Green turtles are named after the greenish colour of their cartilage and the fat deposits around their internal organs, but are black-brown or greenish yellow in colour. The carapace is oval when viewed from above, and the head is relatively small and blunt.
From 80 to 150cm in length and up to 130kg in weight.
Dark black-brown or greenish yellow.
Current Population and Distribution
There are important green turtle nesting and feeding grounds around the whole coast of Africa, India and South East Asia, along the entire tropical coastline of Australia and the South Pacific Islands. They are also found in the Mediterranean and occasionally as far north as the coastal waters of Great Britain.
In the West Atlantic the range extends from Cape Cod through Central America as far south as southern Brazil. Populations in the Eastern Pacific stretch from northern USA to the southernmost record in northern Chile. Nesting occurs widely throughout the range, even on the central Pacific islands, where few other species of nesting turtles now occur.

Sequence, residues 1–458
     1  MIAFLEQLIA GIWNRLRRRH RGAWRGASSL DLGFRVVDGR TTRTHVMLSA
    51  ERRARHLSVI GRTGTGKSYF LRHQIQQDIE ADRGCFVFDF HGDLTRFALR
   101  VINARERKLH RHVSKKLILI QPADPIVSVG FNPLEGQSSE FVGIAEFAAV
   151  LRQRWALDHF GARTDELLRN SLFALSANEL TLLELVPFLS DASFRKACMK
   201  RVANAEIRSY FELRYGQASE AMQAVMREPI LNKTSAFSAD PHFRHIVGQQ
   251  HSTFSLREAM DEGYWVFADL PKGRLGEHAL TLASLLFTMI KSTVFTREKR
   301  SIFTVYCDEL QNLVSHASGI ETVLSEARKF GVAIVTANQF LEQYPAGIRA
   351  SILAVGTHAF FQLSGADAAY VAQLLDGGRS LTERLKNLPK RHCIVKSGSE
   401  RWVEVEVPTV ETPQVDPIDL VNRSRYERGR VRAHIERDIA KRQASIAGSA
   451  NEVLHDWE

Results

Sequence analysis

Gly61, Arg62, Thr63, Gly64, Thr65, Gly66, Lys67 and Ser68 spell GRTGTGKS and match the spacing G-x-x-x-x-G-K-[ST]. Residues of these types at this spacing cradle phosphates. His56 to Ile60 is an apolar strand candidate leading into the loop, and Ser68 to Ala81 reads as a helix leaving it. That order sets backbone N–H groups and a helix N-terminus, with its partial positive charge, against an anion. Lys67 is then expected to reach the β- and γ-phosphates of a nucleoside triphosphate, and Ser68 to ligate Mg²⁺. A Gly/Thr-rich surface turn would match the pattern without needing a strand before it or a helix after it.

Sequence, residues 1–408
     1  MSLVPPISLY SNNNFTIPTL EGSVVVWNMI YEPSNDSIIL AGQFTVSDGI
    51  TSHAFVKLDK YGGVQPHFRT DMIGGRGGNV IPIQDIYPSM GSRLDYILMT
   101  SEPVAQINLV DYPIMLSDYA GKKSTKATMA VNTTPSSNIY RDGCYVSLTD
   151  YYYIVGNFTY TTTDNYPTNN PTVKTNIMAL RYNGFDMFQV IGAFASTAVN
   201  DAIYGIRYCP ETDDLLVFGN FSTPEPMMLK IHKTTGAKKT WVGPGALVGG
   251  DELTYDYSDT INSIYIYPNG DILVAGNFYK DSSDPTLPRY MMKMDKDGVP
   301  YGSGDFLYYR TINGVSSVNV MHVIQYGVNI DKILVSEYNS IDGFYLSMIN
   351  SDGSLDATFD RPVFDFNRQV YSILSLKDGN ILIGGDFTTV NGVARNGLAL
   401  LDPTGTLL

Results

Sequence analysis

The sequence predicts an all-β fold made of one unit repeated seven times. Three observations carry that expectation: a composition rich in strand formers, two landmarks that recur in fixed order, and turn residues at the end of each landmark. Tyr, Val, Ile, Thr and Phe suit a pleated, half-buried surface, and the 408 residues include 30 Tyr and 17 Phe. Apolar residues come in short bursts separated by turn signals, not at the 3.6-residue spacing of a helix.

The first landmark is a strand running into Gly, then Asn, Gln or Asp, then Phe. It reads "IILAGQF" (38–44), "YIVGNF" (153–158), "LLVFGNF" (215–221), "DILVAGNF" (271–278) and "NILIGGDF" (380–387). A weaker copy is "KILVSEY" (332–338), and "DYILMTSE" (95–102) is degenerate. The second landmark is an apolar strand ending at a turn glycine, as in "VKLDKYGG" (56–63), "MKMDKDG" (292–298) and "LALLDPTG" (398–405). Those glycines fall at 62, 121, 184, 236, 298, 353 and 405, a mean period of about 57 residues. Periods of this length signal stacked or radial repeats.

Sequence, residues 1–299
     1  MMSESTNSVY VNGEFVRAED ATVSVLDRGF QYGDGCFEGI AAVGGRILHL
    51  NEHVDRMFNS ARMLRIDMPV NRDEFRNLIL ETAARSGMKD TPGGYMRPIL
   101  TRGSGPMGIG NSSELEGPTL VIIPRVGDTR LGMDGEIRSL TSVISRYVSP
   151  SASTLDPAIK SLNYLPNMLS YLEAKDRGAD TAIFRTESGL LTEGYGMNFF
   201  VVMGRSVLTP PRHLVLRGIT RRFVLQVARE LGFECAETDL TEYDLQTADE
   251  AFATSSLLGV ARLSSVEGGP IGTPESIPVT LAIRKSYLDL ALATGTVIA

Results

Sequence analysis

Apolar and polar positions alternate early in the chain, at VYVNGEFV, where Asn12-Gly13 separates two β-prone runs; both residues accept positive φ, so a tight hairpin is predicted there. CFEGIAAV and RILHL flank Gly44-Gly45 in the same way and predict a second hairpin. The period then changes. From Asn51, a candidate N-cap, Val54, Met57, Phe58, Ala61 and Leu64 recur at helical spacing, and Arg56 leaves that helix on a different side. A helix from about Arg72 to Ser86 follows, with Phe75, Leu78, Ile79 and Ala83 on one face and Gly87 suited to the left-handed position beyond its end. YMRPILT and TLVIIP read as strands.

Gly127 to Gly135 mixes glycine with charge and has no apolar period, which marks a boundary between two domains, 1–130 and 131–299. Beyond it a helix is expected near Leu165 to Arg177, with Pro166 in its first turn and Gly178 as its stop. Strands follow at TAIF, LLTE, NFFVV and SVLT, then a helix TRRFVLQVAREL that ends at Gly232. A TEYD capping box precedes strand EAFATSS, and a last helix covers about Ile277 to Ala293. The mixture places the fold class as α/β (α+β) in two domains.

Current estimates suggest the age of sexual maturity is 33 years. Females migrate huge distances between feeding grounds and nesting areas, but tend to follow coastlines rather than cross open water.
An individual female nests approximately every 3 years, and lays 1-6 clutches of between 70 and 110 eggs. The incubation period lasts 50 to 70 days.
Adult green turtles are the only truly herbivorous marine turtles. They feed mainly on seagrasses or algae, mostly in the tropics and subtropics.